For the second time in less than six months, the rating agency Moody’s downgraded Bombardier’s credit rating.
The odds of the giant Quebec transport increases from B1 to B2, which could increase its borrowing costs. Moody’s also maintains its negative outlook for Bombardier. In February, the firm had already reduced the rating of the company’s Ba3 to B1.
“We believe the weakness in the segment of Bombardier business jets will push its debt above 8.5 times [earnings before interest, taxes, depreciation and amortization, or EBITDA] next year and that consumption of cash the company will be more worrying than we previously foresaw, “wrote the analyst Darren Kirk in a note published Thursday.
Despite the recovery measures put in place by the new senior management team of the company, Moody’s expects that EBITDA Bombardier back to the end of 2016 due to costs associated with the increase in Production of the CSeries commercial aircraft family and the slowdown of the business aircraft sector.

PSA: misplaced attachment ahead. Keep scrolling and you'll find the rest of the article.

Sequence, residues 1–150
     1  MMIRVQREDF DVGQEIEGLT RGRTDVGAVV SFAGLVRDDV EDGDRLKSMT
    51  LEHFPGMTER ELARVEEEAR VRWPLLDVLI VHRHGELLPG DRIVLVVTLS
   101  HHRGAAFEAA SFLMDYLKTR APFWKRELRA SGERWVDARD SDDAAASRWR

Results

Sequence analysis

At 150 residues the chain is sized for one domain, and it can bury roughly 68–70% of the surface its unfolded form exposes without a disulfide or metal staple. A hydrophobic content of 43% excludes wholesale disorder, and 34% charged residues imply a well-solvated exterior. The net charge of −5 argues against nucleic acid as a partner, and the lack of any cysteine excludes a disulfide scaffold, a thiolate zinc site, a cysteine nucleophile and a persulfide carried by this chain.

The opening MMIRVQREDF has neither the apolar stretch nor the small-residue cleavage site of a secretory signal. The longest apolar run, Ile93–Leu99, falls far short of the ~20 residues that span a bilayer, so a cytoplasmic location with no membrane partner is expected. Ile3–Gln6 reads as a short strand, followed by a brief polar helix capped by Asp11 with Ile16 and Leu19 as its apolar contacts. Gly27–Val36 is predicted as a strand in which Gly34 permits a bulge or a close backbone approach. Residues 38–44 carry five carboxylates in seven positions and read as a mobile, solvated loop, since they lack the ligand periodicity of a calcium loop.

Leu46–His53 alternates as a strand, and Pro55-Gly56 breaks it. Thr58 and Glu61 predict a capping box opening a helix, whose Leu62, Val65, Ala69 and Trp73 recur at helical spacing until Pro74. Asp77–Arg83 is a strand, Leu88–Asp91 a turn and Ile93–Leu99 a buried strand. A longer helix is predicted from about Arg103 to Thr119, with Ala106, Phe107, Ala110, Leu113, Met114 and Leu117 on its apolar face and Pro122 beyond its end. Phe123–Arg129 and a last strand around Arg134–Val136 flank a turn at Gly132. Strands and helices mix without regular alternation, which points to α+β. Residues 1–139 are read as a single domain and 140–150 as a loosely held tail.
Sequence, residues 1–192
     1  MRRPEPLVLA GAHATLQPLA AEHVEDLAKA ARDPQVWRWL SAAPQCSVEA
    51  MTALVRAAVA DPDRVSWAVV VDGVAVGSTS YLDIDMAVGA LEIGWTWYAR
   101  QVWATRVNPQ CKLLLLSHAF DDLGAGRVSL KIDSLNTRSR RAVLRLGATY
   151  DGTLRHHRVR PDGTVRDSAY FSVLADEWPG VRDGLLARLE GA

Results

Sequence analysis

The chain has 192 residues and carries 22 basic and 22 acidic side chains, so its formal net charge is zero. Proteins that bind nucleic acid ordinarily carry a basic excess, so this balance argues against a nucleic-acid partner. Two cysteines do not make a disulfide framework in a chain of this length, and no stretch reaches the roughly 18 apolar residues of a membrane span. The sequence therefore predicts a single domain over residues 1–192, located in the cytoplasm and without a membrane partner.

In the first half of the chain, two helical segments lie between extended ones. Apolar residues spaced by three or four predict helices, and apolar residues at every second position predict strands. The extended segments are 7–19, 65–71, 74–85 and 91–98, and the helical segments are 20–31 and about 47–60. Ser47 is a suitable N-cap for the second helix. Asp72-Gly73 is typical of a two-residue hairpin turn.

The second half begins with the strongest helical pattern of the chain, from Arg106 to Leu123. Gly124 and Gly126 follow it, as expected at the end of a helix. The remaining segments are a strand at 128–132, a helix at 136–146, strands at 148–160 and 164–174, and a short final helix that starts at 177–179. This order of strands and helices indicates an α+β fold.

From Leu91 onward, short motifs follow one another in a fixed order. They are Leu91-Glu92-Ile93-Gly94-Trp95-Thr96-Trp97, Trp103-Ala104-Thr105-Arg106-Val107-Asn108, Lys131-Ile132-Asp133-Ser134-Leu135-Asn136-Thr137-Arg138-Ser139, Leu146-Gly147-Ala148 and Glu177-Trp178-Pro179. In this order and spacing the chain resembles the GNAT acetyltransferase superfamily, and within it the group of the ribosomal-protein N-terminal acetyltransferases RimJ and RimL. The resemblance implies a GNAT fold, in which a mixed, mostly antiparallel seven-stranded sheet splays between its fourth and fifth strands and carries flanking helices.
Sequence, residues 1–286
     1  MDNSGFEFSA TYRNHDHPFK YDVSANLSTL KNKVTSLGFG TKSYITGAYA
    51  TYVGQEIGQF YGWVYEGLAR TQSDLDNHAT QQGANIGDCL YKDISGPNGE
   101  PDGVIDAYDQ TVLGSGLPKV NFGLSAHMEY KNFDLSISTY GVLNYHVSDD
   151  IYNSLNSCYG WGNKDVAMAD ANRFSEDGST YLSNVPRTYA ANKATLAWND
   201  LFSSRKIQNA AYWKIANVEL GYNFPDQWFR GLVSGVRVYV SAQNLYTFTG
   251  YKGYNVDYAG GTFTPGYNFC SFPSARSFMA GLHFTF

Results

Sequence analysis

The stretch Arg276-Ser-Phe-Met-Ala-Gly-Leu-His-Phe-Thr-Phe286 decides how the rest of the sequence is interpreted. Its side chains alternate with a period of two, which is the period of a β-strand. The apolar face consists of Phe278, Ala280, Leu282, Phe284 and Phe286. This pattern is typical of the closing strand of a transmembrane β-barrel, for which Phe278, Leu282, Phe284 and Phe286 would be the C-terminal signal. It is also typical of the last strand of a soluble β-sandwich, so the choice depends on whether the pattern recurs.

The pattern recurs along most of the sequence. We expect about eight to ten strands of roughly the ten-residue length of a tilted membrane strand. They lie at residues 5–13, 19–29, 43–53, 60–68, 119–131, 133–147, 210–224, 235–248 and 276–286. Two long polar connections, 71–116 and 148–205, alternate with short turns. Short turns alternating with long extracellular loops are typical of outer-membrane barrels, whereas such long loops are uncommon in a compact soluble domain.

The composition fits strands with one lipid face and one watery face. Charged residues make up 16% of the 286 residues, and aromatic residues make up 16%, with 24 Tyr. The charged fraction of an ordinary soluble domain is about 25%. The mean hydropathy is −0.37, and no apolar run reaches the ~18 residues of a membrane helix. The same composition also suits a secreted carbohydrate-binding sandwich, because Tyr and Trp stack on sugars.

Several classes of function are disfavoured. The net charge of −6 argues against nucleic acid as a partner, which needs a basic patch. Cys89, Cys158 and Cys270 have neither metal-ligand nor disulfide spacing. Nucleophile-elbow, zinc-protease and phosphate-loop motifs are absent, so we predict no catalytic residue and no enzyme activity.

The New York firm estimates that Bombardier’s competitive position in this market “weakened” in recent months. Last week, the aircraft manufacturer announced a two-year delay in the commissioning of the Global 7000 business jet, which should help counter the great success experienced by the G650 US rival Gulfstream.
Since the beginning of the year, Bombardier has consumed no less than 1.6 billion US in cash. However, Moody’s expects that the second half of 2015, the company’s cash flow will be slightly positive. Next year, cash consumption should be limited to 750 million US, according to Moody’s.
Due to seasonal movements in working capital, however, the agency calculates that Bombardier’s liquidity could melt up to 2 billion USD in September 2016, a relatively low level for a company of this size. These forecasts, however, exclude funds that will be collected at the entrance to the Bombardier Transportation division at the Frankfurt Stock Exchange, scheduled for the autumn.
At June 30, Bombardier’s liquidity amounted to 3.6 billion US, and its debt to more than 9 billion US. To justify its decision to maintain a negative outlook, Moody’s noted the “very high debt” of the business and consumption of liquidity “that has consistently exceeded [its] expectations in recent years.”